Figure 6. Histograms showing relative gene expression of C/ebpα (a) and Pparγ2 (b), in empty vector control (MX) and EVI1Rp+9 (Rp+), EVI1Δ105 (Δ105), EVI1Δ324 (Δ324) and EVI1ΔCtBP1/2 (ΔCtBP1/2) virus infected 3T3-L1 cells at days 0 (D0), 1 (D1), 2 (D2), 3 (D3) and 4 (D4) of differentiation. Error bars are the standard deviation of 3 (n = 3) independent virus infection and differentiation experiments. Statistical analysis of days 3 (D3) and 4 (D4) data only are shown. **P ≤ 0.01, ***P ≤ 0.001 indicates statistically significant differences in expression of the indicated gene for each form of EVI1 relative to MX infected cells on the same day. ns indicates no significant difference in expression relative to MX infected cells on the same day. (c) Agarose gel (3% NuSieve® 3-1 agarose) electrophoresis of end point PCR products for CtBP1 and CtBP2 gene expression at indicated days 0, 1, 2, 3, 4, 6 and 10 of 3T3-L1 cell differentiation. M indicates 100 bp ladder marker (quickload) and C the negative control.

that a mutant of EVI1, which no longer binds CtBP proteins, is unable to stimulate the 3T3-L1 differentiation markers that are observed with wild type variants.

The efficiency of differentiation of empty vector control 3T3-L1 cells is suboptimal as indicated by relatively small changes in molecular marker gene expression shown in Figure 1(c); Figures 2(a)-(c); Figure 5(a) & Figure 5(b) and Figure 6(a) & Figure 6(b). In the virus infection and differentiation scheme used here (Figure 1(b)) 3T3-L1 cells are unlikely to be confluent for 48 hrs prior to induction of differentiation as is normally the case [26] because of the need to optimize retroviral infection in dividing cells [27] . However, our results clearly show that differentiation is significantly enhanced by enforced expression of EVI1 under these conditions, based on the molecular markers examined. Following growth arrest, efficient induction of 3T3-L1 cell differentiation is accompanied by mitotic clonal expansion (MCE) [28] . Studies have shown that EVI1 stimulates cell proliferation [29] and this property may stimulate MCE, contributing to the enhanced expression of adipogenic markers observed here, which are consistent with previous observations [11] .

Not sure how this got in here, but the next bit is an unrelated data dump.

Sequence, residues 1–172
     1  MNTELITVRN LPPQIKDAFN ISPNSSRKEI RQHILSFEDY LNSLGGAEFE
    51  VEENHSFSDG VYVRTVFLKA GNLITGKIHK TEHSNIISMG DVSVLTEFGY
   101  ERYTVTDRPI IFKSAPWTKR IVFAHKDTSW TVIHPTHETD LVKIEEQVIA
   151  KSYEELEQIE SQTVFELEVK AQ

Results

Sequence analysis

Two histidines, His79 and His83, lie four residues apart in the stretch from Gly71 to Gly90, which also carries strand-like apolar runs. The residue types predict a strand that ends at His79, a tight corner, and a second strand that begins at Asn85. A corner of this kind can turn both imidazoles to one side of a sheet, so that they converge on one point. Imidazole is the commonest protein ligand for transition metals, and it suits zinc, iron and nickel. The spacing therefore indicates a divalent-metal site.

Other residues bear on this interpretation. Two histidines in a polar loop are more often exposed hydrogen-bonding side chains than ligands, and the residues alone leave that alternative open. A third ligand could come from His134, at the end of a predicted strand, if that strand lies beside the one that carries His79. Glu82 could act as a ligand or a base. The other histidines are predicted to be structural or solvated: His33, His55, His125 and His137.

All known naturally occurring EVI1 splice variants are expressed in preadipocytes and throughout differentiation of 3T3-L1 cells. The relative abundance of splice variants has not been determined in this study but others have shown that general EVI1 expression is low in proliferating preadipocytes, transiently peaks during chemical stimulation of differentiation then is low again for the remaining programme [11] .